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Circuits guide series


Pull-up & pull-down resistors

People that are new to the Arduino and circuit design frequently ask is about pull-up and pull-down resistors.

What is the purpose of a pull-up or pull-down resistor, and how does they work?

A question people new to circuit design frequently ask me is about pull-up and pull-down resistors.

What is the purpose of a pull-up or pull-down resistor, and how does it work?

Imagine that you have a switch. One pin is connected to a 5V source, and the other to a logic circuit. 

A logic circuit is a component that expects voltage that lies within a specific range and values. 

For example, the Arduino Uno expects voltages between 0V and 5V to be applied on its pins. If the pin is digital, then the Arduino Uno will perceive as HIGH any voltage between 5V and 2V, and LOW any voltage between 0V and 0.8V.

Case 1: Vin is determinable

Schematically, you would model a logic circuit connected to a voltage source like this:

The logic circuit has a single input pin on the left side of the blue box, and a single output on the right side. 

This pin is connected to a voltage source. The blue wire connects the pin to Vin, a voltage source that is greater than zero (it can also be negative). To depict a voltage source in a schematic, we often use the symbol of a triangle (there are other symbols, but this is a different topic). 

If the logic circuit is an Arduino, then Vin could be 5V coming out of a sensor.

In other words, the logic circuit is sensing Vin at its input pin because the wire that connects the pin to ground is uninterrupted. 

In the schematic, we denote the voltage sensed by the logic circuit on the input pin as “Vin”.

Case 2: Vin is in-determinable (floating)

Now, let's add an open switch between ground and the logic circuit’s input pin. 

What is the voltage that the logic circuit is sensing on its input pin?

The answer is that we don’t know. 

The input pin of the logic circuit is not connected to a voltage source with a specific value.

A term that we use to describe this situation is that the pin is “floating”. 

In other words, a pin that is not connected to a specific voltage is said to be floating.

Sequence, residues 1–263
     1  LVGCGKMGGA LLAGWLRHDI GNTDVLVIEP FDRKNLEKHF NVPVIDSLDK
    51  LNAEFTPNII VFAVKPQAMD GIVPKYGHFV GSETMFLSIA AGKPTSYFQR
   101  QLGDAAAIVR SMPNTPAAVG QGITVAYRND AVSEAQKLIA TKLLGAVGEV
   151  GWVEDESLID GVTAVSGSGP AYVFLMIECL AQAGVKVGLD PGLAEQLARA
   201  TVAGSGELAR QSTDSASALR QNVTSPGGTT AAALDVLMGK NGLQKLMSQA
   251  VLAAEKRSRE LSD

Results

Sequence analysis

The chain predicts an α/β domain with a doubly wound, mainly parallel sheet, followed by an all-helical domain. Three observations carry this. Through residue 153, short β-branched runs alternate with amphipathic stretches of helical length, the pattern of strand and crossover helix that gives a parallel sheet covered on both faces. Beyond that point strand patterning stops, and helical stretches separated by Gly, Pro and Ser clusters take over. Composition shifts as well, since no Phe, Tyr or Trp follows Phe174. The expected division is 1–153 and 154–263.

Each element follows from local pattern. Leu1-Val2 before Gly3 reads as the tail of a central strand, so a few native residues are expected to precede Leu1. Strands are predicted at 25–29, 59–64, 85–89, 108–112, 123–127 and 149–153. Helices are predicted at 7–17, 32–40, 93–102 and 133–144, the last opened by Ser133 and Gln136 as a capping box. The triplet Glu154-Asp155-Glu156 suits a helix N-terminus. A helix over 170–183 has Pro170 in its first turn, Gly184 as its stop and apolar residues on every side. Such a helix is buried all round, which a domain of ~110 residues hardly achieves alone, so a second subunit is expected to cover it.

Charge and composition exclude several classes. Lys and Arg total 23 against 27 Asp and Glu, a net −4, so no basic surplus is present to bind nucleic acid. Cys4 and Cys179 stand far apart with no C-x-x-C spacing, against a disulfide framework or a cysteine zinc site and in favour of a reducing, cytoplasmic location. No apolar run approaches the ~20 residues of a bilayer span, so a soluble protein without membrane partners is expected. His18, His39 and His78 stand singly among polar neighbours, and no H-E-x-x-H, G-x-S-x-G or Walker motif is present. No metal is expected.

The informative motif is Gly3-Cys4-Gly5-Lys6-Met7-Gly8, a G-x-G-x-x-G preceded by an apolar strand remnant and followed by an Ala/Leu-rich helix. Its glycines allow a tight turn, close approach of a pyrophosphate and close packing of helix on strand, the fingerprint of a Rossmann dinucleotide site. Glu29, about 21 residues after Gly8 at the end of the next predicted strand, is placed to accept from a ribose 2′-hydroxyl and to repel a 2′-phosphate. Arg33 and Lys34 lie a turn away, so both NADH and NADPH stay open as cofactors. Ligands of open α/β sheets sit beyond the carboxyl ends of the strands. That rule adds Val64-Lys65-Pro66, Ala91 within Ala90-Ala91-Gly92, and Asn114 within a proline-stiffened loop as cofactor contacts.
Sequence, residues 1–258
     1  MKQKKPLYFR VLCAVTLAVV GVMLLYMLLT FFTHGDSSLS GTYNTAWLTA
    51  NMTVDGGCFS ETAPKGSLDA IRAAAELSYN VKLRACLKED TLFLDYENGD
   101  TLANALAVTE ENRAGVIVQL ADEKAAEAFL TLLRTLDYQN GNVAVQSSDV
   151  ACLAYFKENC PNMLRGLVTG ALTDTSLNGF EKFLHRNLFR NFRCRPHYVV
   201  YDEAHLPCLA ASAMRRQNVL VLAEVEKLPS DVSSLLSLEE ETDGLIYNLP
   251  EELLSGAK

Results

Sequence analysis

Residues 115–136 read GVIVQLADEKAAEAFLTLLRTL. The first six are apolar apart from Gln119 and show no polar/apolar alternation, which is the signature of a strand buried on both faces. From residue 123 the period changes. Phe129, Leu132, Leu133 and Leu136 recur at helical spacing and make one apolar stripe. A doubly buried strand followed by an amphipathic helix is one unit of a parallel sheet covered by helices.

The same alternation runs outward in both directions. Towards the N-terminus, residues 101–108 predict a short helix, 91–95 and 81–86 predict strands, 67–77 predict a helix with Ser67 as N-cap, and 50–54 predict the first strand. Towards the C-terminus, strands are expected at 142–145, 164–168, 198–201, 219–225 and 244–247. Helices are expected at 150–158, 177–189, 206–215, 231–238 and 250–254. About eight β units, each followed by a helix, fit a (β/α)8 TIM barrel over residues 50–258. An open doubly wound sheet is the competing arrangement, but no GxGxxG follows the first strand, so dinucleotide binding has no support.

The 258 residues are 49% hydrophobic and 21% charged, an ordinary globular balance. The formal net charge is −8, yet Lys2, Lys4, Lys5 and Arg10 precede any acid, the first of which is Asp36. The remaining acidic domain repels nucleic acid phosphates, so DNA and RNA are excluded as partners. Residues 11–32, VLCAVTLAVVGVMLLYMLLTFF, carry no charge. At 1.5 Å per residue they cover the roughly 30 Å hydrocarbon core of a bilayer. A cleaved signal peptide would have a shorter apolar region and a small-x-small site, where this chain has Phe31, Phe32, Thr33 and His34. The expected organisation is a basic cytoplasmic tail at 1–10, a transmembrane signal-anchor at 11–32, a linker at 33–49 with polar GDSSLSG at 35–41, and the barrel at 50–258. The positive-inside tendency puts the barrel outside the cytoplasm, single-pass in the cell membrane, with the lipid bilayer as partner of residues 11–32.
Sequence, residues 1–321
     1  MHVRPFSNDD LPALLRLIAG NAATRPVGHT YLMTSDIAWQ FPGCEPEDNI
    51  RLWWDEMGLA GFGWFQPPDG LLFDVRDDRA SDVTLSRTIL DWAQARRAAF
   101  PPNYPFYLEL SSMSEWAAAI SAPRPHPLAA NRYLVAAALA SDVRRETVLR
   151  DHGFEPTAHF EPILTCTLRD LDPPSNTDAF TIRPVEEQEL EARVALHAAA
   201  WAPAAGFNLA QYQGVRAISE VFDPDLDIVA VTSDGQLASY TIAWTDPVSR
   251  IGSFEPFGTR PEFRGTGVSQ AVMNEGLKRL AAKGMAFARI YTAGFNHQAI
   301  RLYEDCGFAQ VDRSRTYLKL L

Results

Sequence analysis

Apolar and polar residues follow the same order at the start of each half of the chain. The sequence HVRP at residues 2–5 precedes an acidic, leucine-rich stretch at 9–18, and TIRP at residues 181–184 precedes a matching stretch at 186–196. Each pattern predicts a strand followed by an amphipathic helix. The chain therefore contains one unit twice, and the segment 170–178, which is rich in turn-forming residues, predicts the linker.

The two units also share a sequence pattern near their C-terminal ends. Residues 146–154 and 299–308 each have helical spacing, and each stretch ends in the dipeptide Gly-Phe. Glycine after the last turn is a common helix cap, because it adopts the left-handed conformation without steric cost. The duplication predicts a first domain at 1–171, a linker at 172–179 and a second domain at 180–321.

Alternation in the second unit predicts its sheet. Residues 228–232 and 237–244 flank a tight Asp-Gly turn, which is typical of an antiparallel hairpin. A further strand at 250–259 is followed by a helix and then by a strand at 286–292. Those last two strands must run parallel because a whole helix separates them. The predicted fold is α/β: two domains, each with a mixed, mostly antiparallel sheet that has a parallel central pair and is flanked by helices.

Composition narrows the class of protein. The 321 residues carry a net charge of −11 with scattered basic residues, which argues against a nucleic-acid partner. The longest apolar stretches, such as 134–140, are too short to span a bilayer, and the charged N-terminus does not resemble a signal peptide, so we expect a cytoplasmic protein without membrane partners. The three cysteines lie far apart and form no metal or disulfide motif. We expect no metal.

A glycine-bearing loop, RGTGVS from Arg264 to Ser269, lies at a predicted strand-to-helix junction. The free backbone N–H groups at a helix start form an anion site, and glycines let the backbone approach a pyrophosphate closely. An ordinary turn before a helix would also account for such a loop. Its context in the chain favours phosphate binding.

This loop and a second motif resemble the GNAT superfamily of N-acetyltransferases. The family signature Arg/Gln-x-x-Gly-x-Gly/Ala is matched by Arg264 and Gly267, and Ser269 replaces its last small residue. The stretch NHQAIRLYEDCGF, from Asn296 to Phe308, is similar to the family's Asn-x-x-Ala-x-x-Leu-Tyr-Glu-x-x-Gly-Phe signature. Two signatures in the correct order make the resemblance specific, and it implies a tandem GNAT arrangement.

I’ll repeat: the problem here is that the input pin of the logic circuit is not connected to a source of defined value, and logic circuits don't like this!

How do we fix this problem? 

Solution: Pull-up or pull-down resistors

Have a look at the next schematic:

We fix this by using a large resistor (say, 10kΩ or larger) to connect the logic circuit's input pin to ground. In electronics schematics, ground is often depicted with a symbol that consists of three parallel lines, like the one in the example above.

By convention, the voltage level at ground is 0V. 

So, when the switch is open, the 0V level from GND is conveyed to the logic circuit’s input pin. 

Because of the relatively large resistor between GND and the input pin, the current that flows through the wire is very small. We call this current “leakage current”. 

What if we close the switch? Then, we’ll have this:

Because the resistor is large, current from Vin will find it much easier to flow through the logic circuit rather than to ground via the resistor. 

And, because the connection between Vin and the logic circuit input has negligible resistance, Vin’s value will be transferred to the input of the logic circuit.

Let’s recap: by attaching a pull-down resistor to our circuit, we ensure that the logic circuit’s input will always have a defined value, and will be happy. 

You could inverse the circuit and connect the resistor to Vin instead of ground. Now, this resistor would be called “pull-up,” because it would be pulling the input of the logic circuit to Vin (HIGH) when the switch was open.

A pull-up resistor schematic would look like this:

I have just swapped the positive voltage (differential) to the top of the diagram and the ground to the bottom. 

When the switch is open, the input of the logic circuit is connected to Vin via the large resistance, so the voltage there is almost Vin. 

There will be a tiny current flowing so there will also be a minimal drop in voltage from Vin to the input of the logic circuit, but this is small enough to be able to accept an approximate value at the logic circuit as Vin, which is HIGH.

"Circuits" series

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